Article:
If you’re a car manufacturer, it’s never a good day when you end up on an unfavorable Consumer Reports list. Unfortunately for Alfa Romeo, though, that’s precisely what has happened with its Giulia. Nevertheless, not everyone agrees that the Giulia is a car to avoid. It’s a car that seems to inspire a variety of strong opinions.
Consumer Reports thinks the Alfa Romeo Giulia is terrible
While Consumer Reports had a few nice things to say about the 2020 Alfa Romeo Giulia, the bad certainly outweighed the good in their evaluation of the car. On the positive side, the organization praised the sedan’s design and capacity for speed. They also had good things to say about the Giulia’s safety features.
Overall, though, Consumer Reports felt that the Alfa Romeo Giulia left quite a bit to be desired. A cramped back seat and trunk, excessively low dash vents, and a noisy engine were all marks against the car. Even more critical, it received pretty low scores for reliability. According to Consumer Reports, if you buy a Giulia, there’s only a 13% chance you won’t need to get any repairs done on it in a three-year period.
The Giulia broke Car and Driver’s testers’ hearts
Consumer Reports isn’t the only organization to find fault with the Alfa Romeo Giulia. Car and Driver wrote a similarly scathing review of the 2018 Giulia Quadrifoglio’s reliability. They even went so far as to declare themselves “heartbroken” about the car’s performance over 40,000 miles.
What led to the despair of Car and Driver testers? To sum it up in one word: repairs. During the 14 months that they test drove the vehicle, the Giulia ended up in the repair shop constantly, starting with only 2,400 miles on its odometer. Appallingly, during its 14 months with the Car and Driver team, the Giulia spent an incredible 80 days in the repair shop.
To say that Car and Driver was disappointed with this performance would be an understatement. Given all the hopes they’d had for the Giulia Quadrifoglio and the delight that they experienced in its handling, the fact that it was so utterly unreliable was a tough pill to swallow.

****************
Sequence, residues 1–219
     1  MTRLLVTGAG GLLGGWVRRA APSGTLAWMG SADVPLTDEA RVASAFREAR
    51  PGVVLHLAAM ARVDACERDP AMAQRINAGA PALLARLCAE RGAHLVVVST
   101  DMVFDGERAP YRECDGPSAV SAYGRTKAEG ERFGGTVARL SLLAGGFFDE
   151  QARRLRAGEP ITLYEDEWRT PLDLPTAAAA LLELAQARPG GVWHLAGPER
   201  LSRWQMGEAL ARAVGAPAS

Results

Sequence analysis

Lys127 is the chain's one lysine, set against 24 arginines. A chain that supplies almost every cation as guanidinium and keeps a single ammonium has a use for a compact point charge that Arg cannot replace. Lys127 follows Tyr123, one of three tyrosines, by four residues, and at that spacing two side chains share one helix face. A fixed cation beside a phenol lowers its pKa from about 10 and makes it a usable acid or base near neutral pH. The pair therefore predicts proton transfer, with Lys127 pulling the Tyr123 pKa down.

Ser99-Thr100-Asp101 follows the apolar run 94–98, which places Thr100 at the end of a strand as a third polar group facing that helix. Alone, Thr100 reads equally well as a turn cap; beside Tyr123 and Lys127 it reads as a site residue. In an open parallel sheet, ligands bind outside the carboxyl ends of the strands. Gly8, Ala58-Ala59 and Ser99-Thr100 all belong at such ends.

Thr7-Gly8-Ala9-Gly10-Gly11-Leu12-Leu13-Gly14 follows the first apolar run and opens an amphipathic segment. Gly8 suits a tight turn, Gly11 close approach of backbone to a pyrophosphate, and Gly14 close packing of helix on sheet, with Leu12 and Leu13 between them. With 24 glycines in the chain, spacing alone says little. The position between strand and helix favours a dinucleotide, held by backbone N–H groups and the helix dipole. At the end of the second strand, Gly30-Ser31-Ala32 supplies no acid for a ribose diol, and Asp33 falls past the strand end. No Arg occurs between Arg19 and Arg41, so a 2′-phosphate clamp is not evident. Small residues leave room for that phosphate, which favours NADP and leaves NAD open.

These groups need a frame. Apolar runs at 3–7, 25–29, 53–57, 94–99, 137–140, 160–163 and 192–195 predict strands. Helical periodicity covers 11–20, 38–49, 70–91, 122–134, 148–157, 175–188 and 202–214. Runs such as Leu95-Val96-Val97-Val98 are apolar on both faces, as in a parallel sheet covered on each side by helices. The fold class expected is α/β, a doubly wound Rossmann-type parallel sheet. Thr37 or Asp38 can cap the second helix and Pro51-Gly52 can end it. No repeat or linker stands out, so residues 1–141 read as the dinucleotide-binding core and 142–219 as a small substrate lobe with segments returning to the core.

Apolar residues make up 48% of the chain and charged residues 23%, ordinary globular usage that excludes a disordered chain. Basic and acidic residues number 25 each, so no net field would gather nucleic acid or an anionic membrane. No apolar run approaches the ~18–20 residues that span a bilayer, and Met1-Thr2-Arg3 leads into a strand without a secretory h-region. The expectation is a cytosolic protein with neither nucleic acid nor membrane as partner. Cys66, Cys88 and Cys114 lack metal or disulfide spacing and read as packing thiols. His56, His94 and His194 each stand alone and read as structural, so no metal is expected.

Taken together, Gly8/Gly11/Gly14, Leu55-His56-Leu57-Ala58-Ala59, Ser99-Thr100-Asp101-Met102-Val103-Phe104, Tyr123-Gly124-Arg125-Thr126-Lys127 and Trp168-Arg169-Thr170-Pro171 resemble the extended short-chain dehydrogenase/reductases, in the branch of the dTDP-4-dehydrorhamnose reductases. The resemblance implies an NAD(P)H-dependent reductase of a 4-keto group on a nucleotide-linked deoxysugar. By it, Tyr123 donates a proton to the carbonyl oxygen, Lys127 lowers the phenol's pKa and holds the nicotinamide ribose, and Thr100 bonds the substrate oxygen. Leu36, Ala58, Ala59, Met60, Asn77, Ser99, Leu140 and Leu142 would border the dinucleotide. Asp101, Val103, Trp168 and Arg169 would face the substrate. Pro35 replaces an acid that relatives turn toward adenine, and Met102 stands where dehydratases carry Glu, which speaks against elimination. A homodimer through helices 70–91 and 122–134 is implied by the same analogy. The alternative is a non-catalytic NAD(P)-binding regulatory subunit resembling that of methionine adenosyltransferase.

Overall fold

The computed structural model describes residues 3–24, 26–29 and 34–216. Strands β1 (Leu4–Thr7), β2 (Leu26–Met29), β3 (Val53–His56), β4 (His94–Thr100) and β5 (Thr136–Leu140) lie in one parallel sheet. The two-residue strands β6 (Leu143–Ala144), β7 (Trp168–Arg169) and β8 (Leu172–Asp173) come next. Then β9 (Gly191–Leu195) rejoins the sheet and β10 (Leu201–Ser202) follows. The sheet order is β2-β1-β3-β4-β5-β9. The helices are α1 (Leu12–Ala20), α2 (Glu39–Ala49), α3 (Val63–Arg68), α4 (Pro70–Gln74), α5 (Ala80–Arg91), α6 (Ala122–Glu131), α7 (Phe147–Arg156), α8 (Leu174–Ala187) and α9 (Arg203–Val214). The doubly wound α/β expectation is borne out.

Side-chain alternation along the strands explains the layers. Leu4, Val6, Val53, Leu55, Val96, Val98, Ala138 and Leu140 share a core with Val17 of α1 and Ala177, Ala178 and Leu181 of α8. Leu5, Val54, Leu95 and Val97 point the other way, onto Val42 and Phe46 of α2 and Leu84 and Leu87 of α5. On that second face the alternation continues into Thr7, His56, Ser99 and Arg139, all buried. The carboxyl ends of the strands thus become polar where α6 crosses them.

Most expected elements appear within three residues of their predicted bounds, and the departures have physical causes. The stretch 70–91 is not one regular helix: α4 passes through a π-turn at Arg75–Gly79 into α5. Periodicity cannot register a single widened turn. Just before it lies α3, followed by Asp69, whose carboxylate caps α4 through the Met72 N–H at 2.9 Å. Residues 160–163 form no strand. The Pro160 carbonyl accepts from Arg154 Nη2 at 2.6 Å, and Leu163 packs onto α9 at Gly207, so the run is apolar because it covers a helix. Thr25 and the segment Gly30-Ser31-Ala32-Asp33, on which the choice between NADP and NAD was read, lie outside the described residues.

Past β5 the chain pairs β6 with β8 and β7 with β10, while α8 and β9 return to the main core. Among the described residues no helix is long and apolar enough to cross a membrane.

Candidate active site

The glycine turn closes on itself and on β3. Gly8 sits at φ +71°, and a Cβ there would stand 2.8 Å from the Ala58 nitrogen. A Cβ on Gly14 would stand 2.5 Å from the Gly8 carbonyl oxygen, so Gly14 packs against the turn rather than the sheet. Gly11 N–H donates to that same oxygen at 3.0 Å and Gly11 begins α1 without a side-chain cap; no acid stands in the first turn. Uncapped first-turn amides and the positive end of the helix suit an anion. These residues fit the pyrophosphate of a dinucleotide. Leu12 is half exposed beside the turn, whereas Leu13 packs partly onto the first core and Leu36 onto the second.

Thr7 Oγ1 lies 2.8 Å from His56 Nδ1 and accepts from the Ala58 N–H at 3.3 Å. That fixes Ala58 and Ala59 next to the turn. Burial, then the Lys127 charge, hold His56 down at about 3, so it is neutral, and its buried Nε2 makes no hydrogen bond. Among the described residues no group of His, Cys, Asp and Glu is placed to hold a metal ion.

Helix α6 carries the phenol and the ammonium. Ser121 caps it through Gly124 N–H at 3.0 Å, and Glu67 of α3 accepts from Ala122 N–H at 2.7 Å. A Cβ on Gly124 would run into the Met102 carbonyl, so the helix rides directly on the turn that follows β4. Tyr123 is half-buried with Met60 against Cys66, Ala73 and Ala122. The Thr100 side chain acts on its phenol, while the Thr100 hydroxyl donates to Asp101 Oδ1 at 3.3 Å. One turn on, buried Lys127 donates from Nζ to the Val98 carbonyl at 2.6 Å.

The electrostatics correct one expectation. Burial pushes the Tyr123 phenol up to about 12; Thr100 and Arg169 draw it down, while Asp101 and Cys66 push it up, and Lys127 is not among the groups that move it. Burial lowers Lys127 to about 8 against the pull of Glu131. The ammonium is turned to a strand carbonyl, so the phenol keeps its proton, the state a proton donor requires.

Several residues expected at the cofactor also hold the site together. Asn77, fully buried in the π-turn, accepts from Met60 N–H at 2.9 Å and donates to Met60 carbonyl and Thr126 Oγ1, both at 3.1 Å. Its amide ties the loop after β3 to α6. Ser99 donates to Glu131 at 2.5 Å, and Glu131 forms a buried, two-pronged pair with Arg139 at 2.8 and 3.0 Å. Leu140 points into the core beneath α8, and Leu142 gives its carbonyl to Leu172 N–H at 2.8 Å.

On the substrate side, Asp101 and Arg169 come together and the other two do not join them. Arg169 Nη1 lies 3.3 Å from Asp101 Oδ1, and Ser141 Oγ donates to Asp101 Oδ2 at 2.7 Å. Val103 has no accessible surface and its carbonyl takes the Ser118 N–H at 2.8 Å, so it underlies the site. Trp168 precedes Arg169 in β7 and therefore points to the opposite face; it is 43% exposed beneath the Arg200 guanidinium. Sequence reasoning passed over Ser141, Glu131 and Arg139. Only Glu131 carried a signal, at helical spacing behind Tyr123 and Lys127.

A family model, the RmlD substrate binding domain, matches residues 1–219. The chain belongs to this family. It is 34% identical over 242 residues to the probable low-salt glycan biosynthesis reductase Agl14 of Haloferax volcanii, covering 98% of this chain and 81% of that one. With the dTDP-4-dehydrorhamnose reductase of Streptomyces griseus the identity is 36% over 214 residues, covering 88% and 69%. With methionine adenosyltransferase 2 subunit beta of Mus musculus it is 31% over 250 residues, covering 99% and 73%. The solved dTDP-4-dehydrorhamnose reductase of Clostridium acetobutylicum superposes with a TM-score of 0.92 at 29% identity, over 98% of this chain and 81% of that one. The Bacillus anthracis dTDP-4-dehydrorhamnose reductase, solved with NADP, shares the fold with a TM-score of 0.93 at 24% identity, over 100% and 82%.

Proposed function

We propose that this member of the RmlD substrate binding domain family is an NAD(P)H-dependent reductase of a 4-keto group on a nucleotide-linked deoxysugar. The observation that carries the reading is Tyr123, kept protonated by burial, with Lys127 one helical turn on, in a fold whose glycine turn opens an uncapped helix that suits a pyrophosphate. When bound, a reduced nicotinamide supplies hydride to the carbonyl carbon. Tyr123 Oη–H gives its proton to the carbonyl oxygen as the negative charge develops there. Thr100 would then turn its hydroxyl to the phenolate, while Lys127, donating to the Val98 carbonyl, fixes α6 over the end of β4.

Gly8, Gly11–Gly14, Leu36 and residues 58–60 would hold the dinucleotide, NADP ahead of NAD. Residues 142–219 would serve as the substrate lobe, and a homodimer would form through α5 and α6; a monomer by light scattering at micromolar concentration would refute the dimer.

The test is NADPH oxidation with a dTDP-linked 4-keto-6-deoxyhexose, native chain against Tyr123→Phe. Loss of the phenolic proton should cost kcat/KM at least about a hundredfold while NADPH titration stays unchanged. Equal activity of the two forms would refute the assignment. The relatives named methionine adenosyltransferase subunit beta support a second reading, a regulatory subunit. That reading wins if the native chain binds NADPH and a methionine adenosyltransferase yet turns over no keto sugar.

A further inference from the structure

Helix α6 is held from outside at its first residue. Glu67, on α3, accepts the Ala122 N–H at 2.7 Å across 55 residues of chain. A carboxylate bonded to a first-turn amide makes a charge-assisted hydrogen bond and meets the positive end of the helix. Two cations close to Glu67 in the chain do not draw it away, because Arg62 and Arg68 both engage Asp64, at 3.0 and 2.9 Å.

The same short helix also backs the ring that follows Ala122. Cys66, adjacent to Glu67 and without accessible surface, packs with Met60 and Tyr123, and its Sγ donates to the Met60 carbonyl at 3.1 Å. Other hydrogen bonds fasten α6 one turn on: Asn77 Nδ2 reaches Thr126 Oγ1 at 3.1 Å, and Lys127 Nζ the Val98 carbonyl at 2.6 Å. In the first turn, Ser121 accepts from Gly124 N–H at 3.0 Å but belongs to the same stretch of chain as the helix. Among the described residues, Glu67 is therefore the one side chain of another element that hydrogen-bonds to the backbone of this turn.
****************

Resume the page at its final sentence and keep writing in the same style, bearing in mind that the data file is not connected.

Jalopnik has its own opinion of the Giulia
Not everyone shares Car and Driver’s and Consumer Reports’ disdain for the Alfa Romeo Giulia based on its reliability record. For one, Jalopnik includes the car in its list, “The Best Cars No One Bought.”
Declaring the quality concerns “bullshit,” Jalopnik says that the Giulia’s “formula is perfect as a right-sized, right-powered, RWD sedan that’s stylish and fun as hell to drive.”
However, Jalopnik readers weren’t as quick to jump on board with the Giulia, with many commenting that its repair record was something to take seriously. One commented, for example, “I don’t have to have driven a Giulia to look at repair frequency data and know that the car will likely spend much of its life in the shop.”
Another commenter reported that they were able to return their Giulia lease after 60 days due to excessive, unsolvable repair issues. All in all, it seems few commenters agreed with the idea that the Giulia belonged on any list of “best cars,” and many would be reluctant to buy one, whether new or used.
What does the 2021 Alfa Romeo Giulia have to offer?
So, what does attract people to the Alfa Romeo Giulia? Consumer Reports provides a helpful overview of this year’s model, which gives some idea of what the 2021 model has going for it.
For starters, there’s the price. The starting MSRP for the car is only $40,350, which is definitely on the low end for a luxury vehicle of its type. Its acceleration capability is also noteworthy, as it can go from 0 to 60 in only 6.7 seconds.
With 33 mpg highway fuel efficiency, the car also gets high marks in that department for a luxury car. If the manufacturer could get some of the Giulia’s reliability kinks worked out, they’d likely have a genuine hit on their hands.